Crude Oil prices have stabilized a little after the slide seen during Friday’s US session. However, this hardly means that bearish pressure has abated. In fact, S/T outlook for WTI remain extremely bearish when we consider that latest military skirmish in Iraq over the weekend has failed to send oil prices climbing.
Besides geopolitical issues, latest DOE inventory data released last Friday similarly failed to ignite a bullish response. Even though Crude inventory decline more than twice as expected – an indication of higher implied demand, WTI prices remained flat when the news was released, highlighting the strong bearish pressure that is allowing price to ignore bullish fundamental factors.
From a technical point of view, prices is also finding trouble breaking the soft resistance of 94.2, underlining the strong S/T bearish pressure that we are under right now. As long as price stay below 94.2, the likelihood of a bearish push in the near future towards the descending trendline remains. Stochastic readings remain pointing higher though, and with some distance left before hitting Overbought, we could still see a break of 94.2. However, considering that Stoch levels are much higher than before, while price is clearly lower, this divergence suggest that any bullish scenario should be discounted. Even in the event that price breaks 94.2, it is highly unlikely that 95.0 round figure resistance will be touched, not to mentioned breach with Stoch levels already close to Overbought.
Weekly Chart is bearish as well with prices breaking 98.0 support and the rising trendline. Perhaps more importantly, last week’s decline resulted in Stochastic curve pointing lower, invalidating the previous bullish cycle signal which was formed in conjunction with prices climbing back up above the aforementioned 98.0 support and confluence with rising trendline back then. The invalidation of such a strong bullish signal highlights once again the magnitude of current bearishness, and opens up a long-term target of 80.0 with 90.0 as interim support.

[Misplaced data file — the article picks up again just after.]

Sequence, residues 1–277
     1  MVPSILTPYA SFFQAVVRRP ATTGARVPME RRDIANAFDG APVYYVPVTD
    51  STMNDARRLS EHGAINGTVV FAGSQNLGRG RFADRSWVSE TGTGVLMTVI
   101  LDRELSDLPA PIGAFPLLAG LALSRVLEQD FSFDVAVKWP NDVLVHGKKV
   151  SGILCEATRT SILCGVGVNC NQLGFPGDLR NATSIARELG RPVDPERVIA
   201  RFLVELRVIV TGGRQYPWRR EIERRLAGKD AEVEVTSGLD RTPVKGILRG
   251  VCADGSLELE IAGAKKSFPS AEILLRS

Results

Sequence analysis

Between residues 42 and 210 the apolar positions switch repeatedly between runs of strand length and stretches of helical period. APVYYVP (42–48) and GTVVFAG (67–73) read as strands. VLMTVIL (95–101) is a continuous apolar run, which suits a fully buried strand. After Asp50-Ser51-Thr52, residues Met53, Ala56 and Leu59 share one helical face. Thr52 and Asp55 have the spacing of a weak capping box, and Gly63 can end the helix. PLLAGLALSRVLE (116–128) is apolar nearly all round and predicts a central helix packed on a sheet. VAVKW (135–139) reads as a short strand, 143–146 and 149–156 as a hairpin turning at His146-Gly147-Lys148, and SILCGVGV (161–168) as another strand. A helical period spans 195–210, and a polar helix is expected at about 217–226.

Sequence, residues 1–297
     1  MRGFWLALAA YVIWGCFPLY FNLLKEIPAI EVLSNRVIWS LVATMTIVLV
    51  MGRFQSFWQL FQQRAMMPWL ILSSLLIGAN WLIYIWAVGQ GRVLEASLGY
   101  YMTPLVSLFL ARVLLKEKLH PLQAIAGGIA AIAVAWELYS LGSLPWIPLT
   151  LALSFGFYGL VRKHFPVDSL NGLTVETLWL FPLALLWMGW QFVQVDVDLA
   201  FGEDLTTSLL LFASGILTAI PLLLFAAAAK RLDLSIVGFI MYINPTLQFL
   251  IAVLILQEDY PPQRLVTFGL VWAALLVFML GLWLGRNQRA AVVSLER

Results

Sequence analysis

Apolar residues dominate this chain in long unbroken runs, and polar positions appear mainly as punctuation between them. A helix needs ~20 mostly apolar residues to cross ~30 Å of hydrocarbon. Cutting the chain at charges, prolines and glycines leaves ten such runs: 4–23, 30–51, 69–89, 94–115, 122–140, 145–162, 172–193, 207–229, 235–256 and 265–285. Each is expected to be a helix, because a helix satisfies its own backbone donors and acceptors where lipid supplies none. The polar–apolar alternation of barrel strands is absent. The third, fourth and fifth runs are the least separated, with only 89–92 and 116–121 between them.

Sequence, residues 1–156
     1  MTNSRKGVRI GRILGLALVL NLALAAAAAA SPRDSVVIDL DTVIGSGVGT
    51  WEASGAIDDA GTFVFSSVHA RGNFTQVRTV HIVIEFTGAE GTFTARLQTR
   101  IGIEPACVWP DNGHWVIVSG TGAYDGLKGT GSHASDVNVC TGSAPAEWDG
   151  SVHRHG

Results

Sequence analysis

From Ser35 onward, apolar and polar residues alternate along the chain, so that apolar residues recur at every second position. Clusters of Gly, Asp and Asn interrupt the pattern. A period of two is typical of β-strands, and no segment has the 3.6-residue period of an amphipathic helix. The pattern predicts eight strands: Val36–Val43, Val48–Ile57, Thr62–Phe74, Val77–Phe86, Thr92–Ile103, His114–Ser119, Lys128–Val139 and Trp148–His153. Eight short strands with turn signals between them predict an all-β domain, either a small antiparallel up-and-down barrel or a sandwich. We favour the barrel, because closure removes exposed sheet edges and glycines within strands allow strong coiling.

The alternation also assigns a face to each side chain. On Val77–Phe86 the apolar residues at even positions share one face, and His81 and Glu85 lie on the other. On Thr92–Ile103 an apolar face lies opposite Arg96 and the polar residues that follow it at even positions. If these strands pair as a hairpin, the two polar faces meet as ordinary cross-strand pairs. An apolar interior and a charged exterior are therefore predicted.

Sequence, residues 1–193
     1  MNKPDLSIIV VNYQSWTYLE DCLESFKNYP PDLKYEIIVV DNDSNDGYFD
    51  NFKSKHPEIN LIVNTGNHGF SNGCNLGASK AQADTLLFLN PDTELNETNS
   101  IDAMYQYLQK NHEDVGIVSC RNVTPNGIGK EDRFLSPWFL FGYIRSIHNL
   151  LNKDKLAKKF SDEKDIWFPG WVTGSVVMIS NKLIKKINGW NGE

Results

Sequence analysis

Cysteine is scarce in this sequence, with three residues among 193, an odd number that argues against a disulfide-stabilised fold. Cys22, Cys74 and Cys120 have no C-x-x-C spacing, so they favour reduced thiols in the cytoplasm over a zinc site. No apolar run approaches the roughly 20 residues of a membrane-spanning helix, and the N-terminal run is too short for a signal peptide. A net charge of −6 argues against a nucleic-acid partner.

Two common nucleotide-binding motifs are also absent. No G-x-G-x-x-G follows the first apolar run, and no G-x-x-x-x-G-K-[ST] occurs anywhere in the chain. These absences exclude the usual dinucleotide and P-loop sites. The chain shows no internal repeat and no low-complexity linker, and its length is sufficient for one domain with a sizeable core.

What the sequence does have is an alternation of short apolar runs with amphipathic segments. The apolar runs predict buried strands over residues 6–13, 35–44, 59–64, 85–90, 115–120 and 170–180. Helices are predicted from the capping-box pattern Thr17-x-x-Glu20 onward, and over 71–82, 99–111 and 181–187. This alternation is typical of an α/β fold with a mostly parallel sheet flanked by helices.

This long-term bearishness is in line with broad macro economic trend which suggest that demand for Crude would be lower this year. Then again, considering that Crude Oil has ignored 2 fundamental development in the past 2 trading days, it is highly unlikely that current decline was inspired by broad macro trends. It is more likely that the sharp decline seen may be related to short-term speculation/profit taking compounded by lack of trading volume during Christmas season. As such, do not be surprised if we suddenly see Crude climbing out of nowhere in the near term as price has similarly declined out of nowhere to begin with.
This article is for general information purposes only. It is not investment advice or a solution to buy or sell securities. Opinions are the authors; not necessarily that of OANDA Corporation or any of its affiliates, subsidiaries, officers or directors. Leveraged trading is high risk and not suitable for all. You could lose all of your deposited funds.